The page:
i thought it would be. we lost absolutely everything we own. >> reporter: just yesterday alone, in boulder county, we know some 250 people who were rescued and when you look at the entire event over the last five days, officials say some 12,000 people, kate, were forced to evacuate. >> the numbers are just tough to even believe. the overall flood zone covering 17 counties in the state, just remarkable. we'll be covering it all. >> impressive. >> it sure is. let's get straight to indra petersons with the latest on what they can be expecting in colorado today. >> unbelievable as we talk about the break they need. they set records for not only the day, the month and the year for the amount of rain they received in boulder, they need this break. they're see more dry air pushing into the area. we are going to be carefully monitoring a cold front currently specifically in the northwest that is expecting to drop down wednesday night in through thursday. another chance of rain by
tomorrow. behind that, at least the rest of the week does look good. regardless, the damage is done. the water is there. the question now, where is this water expected to go? down the south platte river. that's the concern here, a lot of debris coulding in the water flow. will that jam up the progress down the river and produce even more flooding down river? >> clearly there's a lot of news. let's go to michaela pereira for the headlines. charges are pending against a man police say threw fire crackers toward the white house causing a scare in the hours after the navy yard shooting. law enforcement worked to rule out a possible second suspect in those navy yard shootings. north carolina officer charged with shooting an unarmed former college football player is expected in court today. in the mean tame, civil rights leaders say they want crime scene video made public.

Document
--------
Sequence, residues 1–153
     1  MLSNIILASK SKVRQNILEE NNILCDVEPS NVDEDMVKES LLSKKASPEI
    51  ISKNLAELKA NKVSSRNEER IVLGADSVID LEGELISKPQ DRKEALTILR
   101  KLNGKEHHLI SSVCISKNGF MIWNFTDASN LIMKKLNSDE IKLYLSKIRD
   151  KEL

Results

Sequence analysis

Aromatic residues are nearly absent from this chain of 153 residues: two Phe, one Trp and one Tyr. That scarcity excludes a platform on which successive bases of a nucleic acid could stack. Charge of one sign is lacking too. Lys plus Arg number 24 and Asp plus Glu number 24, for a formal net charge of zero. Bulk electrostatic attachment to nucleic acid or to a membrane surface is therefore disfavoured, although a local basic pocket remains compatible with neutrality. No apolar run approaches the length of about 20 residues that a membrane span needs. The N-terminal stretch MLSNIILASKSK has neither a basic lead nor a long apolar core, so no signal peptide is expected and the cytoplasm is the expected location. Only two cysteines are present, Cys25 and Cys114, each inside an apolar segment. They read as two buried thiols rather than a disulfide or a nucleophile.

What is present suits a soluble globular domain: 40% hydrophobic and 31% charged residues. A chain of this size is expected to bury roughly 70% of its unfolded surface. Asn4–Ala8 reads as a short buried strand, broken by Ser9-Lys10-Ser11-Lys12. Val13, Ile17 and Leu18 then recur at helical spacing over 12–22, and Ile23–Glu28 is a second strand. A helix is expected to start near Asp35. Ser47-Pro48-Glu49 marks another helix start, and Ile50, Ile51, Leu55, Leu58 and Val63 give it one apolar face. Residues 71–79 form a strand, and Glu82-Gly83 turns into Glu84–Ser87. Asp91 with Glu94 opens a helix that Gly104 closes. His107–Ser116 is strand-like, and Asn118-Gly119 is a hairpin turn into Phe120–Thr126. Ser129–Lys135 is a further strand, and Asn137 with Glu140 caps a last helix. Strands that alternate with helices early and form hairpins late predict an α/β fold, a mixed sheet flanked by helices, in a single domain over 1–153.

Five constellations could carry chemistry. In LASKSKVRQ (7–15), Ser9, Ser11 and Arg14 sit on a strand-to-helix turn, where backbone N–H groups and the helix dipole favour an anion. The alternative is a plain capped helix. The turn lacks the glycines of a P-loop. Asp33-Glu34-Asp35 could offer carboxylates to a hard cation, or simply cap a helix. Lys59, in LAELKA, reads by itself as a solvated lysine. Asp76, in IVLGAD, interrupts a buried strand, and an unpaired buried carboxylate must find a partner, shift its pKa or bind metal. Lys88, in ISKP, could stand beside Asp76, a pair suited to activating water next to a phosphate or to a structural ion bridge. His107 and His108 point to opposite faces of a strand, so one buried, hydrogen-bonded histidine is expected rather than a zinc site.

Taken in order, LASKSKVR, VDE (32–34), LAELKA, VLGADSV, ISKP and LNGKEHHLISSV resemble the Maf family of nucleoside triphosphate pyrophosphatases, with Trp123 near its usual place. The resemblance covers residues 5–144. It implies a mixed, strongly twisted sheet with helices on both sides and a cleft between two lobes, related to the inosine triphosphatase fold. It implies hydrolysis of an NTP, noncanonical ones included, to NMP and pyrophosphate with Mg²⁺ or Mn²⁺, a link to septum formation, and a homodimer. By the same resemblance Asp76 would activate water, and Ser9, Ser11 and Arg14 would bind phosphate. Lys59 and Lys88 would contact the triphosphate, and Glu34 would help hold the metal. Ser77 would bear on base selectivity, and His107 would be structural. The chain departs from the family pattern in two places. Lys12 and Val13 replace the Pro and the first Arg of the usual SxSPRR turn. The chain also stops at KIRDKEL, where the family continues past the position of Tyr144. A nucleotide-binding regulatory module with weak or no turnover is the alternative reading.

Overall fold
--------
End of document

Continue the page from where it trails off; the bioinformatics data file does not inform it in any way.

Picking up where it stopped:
police say officer randall caric fired 12 times at him saturday, 10 bullets hit and killed him. ferrell reportedly ran towards him as they responded to a break-in and 911 call. a philadelphia woman is accused of getting physical with a flight attendant before takeoff. now she's facing charges. sasha anderson threw her cell phone at the attendant, slapped and scratched him. she was taken off the plane and charged with among other things, simple assault and disorderly conduct. britain's prince harry chilling out to prepare for a charity expedition to the south pole. the prince and teammates from the walking with the wounded challenge spent 24 hours in a freezing weather simulator track pitsing hikes and putting up tents in the face of 60 mile-an-hour wind. that expedition is to raise money for injured british
service men and women. it will take place in november. katy perry responding to peta. her new video "roar" features pety with animals. perry responded with some help from the humane association, which she apparently had representatives during the shoot of that video. >> with that many animals she had to see that one coming. >> she must have. >> i'm sure somebody in her camp said this could be an issue. >> be prepared. the united nations says the evidence is clear, the chemical attacks in syria is a war crime. what will happen now. and police are looking for answers. what motivated the navy yard